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How Motherhood Makes Us Smarter

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Friday, June 24, 2005

talk to me

This is a bit late notice, I realize, but if anyone wants to actually speak to me in person, you have to chances today. I'll be talking to callers on a live Internet radio show called Savvy Mommy today, from about 1:45-2 p.m., EST, where I'll be giving away a free book. If you want to ask a question, call in at (800) 773-0355 or (310) 328-9300, or email your question to victoria@savvymommy.com. The direct link to the show’s webpage for listeners to visit while I am on air is http://globaltalkradio.com/shows/savvymommy/. If you don't catch the show live, you can go to http://www.savvymommy.com/radioshow.html.

AND I will be speaking tonight in San Francisco, at the Yoga Garden, at Divisidero and Haight, at 7:30-9-ish. See you there!

Thursday, June 23, 2005

So that explains it?

A new Canadian study has come up with a startling attempt to explain the ditsy feeling so many women report during their pregancies. Writing in NeuroReport, the researchers, PhD candidate Claire Vanston (quoted in "The Mommy Brain") and neuroscience professor Neil Watson at Simon Fraser University say it's all a matter of gender -- the unborn baby's gender, that is. Women carrying male fetuses consistently do better on the hardest memory function tests than women pregnant with girls, they've found. "We were quite shocked by the results because when we began, we weren't thinking about fetal sex as being a factor," Watson has said. The study is based on findings from 43 Vancouver-area women who were subjected to a battery of cognition tests from early in their pregnancies to several months after they gave birth. Comparing women bearing boys and those with girls, the researchers found no general difference in intellect, but that the former group outperformed the latter in tasks involving certain aspects of short-term memory.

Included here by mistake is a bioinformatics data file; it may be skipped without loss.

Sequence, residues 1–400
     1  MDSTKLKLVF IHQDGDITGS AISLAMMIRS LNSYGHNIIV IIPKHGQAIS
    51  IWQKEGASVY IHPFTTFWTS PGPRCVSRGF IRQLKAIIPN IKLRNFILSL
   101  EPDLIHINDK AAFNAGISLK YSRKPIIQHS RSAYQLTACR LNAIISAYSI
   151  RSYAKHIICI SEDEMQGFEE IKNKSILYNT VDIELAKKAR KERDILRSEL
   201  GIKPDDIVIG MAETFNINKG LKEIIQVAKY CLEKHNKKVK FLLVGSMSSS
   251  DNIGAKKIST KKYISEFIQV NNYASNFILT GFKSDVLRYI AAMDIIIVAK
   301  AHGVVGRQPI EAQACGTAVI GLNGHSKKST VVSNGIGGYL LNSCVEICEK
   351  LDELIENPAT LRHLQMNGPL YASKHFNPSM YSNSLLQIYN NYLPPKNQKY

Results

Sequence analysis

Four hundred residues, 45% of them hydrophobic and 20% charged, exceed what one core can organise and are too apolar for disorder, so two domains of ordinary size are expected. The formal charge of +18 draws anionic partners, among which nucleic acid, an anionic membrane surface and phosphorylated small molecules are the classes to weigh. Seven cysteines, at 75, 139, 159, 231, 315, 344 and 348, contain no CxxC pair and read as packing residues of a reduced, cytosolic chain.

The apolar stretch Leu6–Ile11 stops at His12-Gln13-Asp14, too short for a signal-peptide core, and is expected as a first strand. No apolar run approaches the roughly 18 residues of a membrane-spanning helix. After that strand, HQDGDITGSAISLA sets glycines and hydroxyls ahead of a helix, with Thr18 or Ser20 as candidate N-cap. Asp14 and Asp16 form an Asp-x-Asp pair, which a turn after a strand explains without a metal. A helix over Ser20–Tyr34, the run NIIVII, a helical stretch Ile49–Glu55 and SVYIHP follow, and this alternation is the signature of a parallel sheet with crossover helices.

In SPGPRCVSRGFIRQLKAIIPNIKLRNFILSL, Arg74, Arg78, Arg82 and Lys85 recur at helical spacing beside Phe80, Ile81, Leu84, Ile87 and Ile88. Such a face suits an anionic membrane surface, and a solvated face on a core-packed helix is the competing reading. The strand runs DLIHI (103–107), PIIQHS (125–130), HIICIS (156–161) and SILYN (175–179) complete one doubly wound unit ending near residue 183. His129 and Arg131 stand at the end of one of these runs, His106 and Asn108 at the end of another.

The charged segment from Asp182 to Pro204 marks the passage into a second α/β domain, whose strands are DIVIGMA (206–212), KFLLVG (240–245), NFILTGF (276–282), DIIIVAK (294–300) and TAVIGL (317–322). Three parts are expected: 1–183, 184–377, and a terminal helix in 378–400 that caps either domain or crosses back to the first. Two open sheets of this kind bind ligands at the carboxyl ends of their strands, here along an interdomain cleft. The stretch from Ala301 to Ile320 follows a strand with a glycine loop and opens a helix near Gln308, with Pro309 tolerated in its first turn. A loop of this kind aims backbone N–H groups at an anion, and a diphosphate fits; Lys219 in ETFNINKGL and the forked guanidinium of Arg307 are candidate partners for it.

As I note in "The Mommy Brain," the many inquiries into this subject to date have yielded wildly varying results, with some studies suggesting that the hormones of motherhood temporarily cloud women's concentration and others demonstrating no change or even an improvement. I see this report as one more in that intriguing series and certainly worth noting as research on what is being called the "maternal brain" continues. Yet I continue to believe that every woman's pregnancy experience is different, a product of her pre-pregnancy experience, social support, mood, adequacy of sleep and dozens of other factors, very definitely including the mother's expectations of how she will fare. What do you think?

Wednesday, June 15, 2005

Summer mommy-brain reading...for those who have the time

Thanks for the irresistible question about mommy-brainish books. If you haven't read "Operating Instructions" by Anne Lamott, that continues to be one of my favorites. Another wonderful brainy motherhood book is "Fruitful" by Anne Roiphe. "Mother Nature" by Sarah Hrdy is a little ambitious for casual readers but well worth the effort; it is just an amazing book. The original "Mothers Who Think" essays edited by Camile Peri and Kate Moses has wonderful essays. And, in keeping with my vow to keep talking about climate change as an issue all parents need to understand, I strongly recommend "Boiling Point," the new book by Ross Gelbspan. Happy -- or at least enlightened -- reading!

Tuesday, June 14, 2005

lies & the lying liars who catch them

One night when I was about 17 years old and slogging through late night shifts at a waitressing job at a truly abominable local ice cream parlor, I backed into a light post on my way out of the parking lot. The car belonged to my parents, so before I went to bed I left a note on the refrigerator telling them that I'd found the car that way; some unscrupulous jerk had obviously hit me and run off.